This echoes my thinking on the subject. There definitely are legitimate concerns about who has the right to republish or broadcast user generated content without consent. There are also legitimate reasons to use things like hashtags and community hubs so that people can find content that is actually intended to be publicly accessible, with consent. I was hoping we could participate in your project while maintaining the trust we have with our user base that their content stays where they choose to put it, unless they give explicit permission for it to be searchable from elsewhere. So far it doesn't look feasible to be able to do that, on our technical end, but I'm definitely open to hearing ideas. If there was a shoutbox or something similar we could implement that had explicit 'ok to broadcast' terms that were clearly conveyed to users to consent to before posting there, I think that would be an excellent idea. I'm poking our techie folks on the subject and hoping we can figure something out. Our platform has a lot of native limitations though, and realistically we might not be able to participate to the extent of Werelist content being searchable from another site.

    I do want to make it clear that as it stands, with the agreement we have with our user base now, absolutely no rebroadcasting of user generated content, bots, links to content, etc, is allowed. It doesn't matter whether it's your bot or Google's, that kind of activity is hard line banned here. Sorry. I trust you guys to understand and respect that. If we can find a workaround that clearly demarcates a 'very public post' area where users explicitly consent to have content they put there searchable from other sites, I think it's a fine idea. I just don't know that we can. We definitely don't have a space like that now.
    We hold a similar understanding with our members regarding what is viewable - public vs private sections of the forum and I think I know as good as anyone here what damage can be caused by having content you wrote one place get republished elsewhere. That concern resonates with me very personally.

    I find it reasonable and beneficial to cooperate in these times when cooperation certainly isn't the standard of rule in today's society. Therian.org is not my project, it's Dust's so I'm not going to horn in and tell him what to do but I've voiced my opinion. If it were my project, I would jump at the opportunity to have it feed from a specific sub forum, here.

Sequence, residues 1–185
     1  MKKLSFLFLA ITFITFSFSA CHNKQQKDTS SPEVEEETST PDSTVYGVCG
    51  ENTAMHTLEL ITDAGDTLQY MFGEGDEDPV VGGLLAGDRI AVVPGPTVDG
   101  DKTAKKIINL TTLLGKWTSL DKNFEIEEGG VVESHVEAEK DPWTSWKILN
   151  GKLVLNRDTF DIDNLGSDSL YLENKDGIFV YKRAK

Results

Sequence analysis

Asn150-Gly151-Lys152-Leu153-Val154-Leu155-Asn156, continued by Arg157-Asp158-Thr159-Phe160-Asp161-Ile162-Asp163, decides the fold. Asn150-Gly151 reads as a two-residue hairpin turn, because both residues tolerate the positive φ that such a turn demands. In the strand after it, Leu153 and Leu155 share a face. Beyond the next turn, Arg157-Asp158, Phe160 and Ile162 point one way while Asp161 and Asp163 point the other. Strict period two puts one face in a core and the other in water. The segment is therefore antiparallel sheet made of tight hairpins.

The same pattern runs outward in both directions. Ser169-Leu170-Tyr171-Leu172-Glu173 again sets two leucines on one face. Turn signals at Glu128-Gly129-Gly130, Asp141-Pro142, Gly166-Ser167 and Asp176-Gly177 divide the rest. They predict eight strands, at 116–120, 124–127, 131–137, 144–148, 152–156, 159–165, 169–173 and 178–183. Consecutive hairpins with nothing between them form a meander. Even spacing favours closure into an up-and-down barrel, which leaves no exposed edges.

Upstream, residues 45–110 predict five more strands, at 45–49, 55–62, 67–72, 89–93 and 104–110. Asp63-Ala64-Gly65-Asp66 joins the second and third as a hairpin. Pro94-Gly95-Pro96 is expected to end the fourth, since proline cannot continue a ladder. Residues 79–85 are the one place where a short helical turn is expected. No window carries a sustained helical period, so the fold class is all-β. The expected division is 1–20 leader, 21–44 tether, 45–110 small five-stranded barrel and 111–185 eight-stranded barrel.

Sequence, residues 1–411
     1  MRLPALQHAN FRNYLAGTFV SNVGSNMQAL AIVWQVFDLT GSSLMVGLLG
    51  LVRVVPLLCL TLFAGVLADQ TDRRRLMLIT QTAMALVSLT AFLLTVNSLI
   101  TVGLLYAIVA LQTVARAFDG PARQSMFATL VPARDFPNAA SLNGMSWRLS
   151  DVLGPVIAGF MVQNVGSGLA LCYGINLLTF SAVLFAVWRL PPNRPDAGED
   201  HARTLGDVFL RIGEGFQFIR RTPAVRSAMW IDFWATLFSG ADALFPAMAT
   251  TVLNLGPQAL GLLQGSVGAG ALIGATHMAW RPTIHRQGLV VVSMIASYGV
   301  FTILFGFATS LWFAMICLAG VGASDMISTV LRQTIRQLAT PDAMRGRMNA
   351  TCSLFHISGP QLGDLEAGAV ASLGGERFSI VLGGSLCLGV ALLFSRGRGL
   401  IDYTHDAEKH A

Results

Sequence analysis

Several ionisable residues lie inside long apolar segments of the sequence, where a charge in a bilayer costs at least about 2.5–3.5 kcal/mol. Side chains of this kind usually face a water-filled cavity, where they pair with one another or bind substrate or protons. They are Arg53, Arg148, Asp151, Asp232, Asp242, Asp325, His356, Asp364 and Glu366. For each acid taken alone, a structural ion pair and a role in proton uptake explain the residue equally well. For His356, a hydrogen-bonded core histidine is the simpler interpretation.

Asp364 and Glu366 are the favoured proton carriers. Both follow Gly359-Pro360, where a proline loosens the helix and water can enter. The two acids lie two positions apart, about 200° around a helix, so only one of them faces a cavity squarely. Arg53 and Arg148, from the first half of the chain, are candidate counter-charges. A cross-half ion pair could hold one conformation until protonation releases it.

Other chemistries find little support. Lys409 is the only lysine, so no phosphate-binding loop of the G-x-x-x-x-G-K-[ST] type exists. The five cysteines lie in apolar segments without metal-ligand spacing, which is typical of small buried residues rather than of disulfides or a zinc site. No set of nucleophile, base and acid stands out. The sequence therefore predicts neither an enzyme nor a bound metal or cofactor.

That seems reasonable to me and it seems like progress in the right direction.


    Quote Originally Posted by Savage View Post
    I really do not like to see content creators discouraged or insulted. That's not a constructive way forward for our community. We have an explicit rule against badmouthing other sites, communities or individuals, as Werelist is neutral territory. Questions, constructive criticism that is not personal insult, and dialogue about ethical concerns and issues is allowed though. If you see anything that isn't constructive or that devolves into unfair or personal insults, please let me know so that I can address it. A simple statement that not everyone likes your site doesn't cross that line IMO, but I am keeping an eye on the thread so that the dialogue remains respectful and constructive. I do think it's an important dialogue to have and I sincerely appreciate your participation as well as your efforts to create good resources for the community.
    In retrospect, there were some good points brought up in critique but in my life experience when the general theme of a discussion becomes why something won't work, isn't necessary or what's wrong with a concept, without the balance of seeking a path forward - it usually means those offering criticism entered the conversation because they didn't/don't want the thing to happen in the first place. Pointing out every problem with any particular thing is the easy way out. Again, that's just my two cents, the mileage of others may vary.